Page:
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Maritime Intermezzo


We hope you'll join our BLOG as we explore and collaborate to implement solutions to the common challenges we share in our businesses.

Discussion topics include: Arbitration, Admiralty and Maritime Law, Big Data, Brokering, Chartering, Insurance...

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A Certainty - Change is Constant

Last October 2015 in a 3-0 decision the U.S. Court of Appeals’ 2nd Circuit ruled that the U.S. Environmental Protection Agency (EPA) failed in its responsibility under the Clean Water Act to protect U.S. waters from aquatic invasive species introduced by ship’s ballast water discharge.

The Court's decision had ramifications for the EPA, USCG and ships trading in waters across the US from the East Coast to the Great Lakes and rivers to the Gulf of Mexico, West Coast, Hawaii and Alaska.

In summary the Court held that the EPA ballast water discharge permit was ineffective and would not protect U.S. waters from future invasions of nonnative species.

Act Global Group reported in September 2016 that the state of California's Land's Commission has proposed amendments to sections 2270 and 2271 in Article 4.5 of Title 2, Division 3, Chapter 1 of the California Code of Regulations. Or what was formerly called the Ballast Water Management Fee and is now described as the Marine Invasive Species Fee.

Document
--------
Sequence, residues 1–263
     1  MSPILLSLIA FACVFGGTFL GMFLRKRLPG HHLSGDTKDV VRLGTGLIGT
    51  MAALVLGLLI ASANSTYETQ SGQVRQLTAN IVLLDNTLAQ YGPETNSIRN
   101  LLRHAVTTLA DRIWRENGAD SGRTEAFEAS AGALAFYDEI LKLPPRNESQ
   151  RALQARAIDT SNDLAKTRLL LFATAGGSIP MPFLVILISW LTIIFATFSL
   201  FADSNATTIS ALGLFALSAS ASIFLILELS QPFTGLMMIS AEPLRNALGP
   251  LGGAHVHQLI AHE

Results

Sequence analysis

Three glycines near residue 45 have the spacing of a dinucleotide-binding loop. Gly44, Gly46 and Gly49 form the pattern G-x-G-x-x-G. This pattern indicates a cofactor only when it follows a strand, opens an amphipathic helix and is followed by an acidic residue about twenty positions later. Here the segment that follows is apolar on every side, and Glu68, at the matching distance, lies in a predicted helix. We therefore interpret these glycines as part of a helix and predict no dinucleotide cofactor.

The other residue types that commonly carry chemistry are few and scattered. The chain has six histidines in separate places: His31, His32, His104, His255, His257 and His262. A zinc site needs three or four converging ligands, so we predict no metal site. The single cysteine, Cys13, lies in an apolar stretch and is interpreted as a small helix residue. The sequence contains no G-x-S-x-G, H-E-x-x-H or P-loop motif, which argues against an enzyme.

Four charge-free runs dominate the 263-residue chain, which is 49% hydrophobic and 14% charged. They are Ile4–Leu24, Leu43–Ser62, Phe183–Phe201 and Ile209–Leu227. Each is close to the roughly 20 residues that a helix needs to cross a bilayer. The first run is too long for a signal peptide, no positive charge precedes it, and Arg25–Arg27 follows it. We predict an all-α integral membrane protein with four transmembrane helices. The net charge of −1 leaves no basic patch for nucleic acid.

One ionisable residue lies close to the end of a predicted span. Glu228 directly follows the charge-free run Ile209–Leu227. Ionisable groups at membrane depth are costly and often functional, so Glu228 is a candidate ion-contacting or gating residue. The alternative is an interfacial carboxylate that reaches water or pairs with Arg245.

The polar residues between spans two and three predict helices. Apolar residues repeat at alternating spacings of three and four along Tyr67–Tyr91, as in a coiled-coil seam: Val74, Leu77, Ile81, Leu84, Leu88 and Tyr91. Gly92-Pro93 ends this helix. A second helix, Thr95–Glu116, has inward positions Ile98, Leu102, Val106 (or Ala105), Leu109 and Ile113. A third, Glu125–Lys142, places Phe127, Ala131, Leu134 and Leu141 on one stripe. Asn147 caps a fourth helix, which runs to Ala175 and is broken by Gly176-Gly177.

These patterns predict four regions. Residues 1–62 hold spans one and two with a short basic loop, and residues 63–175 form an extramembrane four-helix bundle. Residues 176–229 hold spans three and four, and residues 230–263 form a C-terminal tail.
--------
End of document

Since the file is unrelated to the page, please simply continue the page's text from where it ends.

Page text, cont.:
The proposed amendment to section 2271 would increase the fee paid by vessels arriving at California ports (the Fee) from eight hundred fifty dollars ($850) per qualifying voyage to one thousand dollars ($1,000) per qualifying voyage if the vessel has traveled from outside of California.

Businesses love certainty. And uncertainty is the constant certainty we live with. Increasing certainty or the level of confidence in an outcome or process has in the past increased the likelihood of positive action by ship owners. See SOLAS. To increase the odds of timely action by owners they need the most up-to-date accurate information.

With this September's 2016 Ballast Water Convention Ratification announcement by the Finnish Government at SMM Act Global forecasted the increased likelihood of positive action by ship owners regarding ballast water treatment installations aboard ships. With a window of between six and ten months for safe installation of an approved system many owners are looking at the alternative administrative five year extension. How that plays out with littoral states will be all about competitive advantage, level playing field and the local authority's obligation to protect sustainable practice.

With the United States little is certain and it is easy to default to Churchill's quip "will do the right thing once they've tried everything else." Each State, several Federal agencies and the Courts are all involved in crafting an approach that best fits their legal mandate and their perception of what provides the most achievable level of protection.

A clear business opportunity for the Ports is to provide discharge treatment alternatives as a service. Ballast water pumped to barges or ashore for treatment.

For more information on the Land's Commision's new proposed fee for ships, please follow this link.


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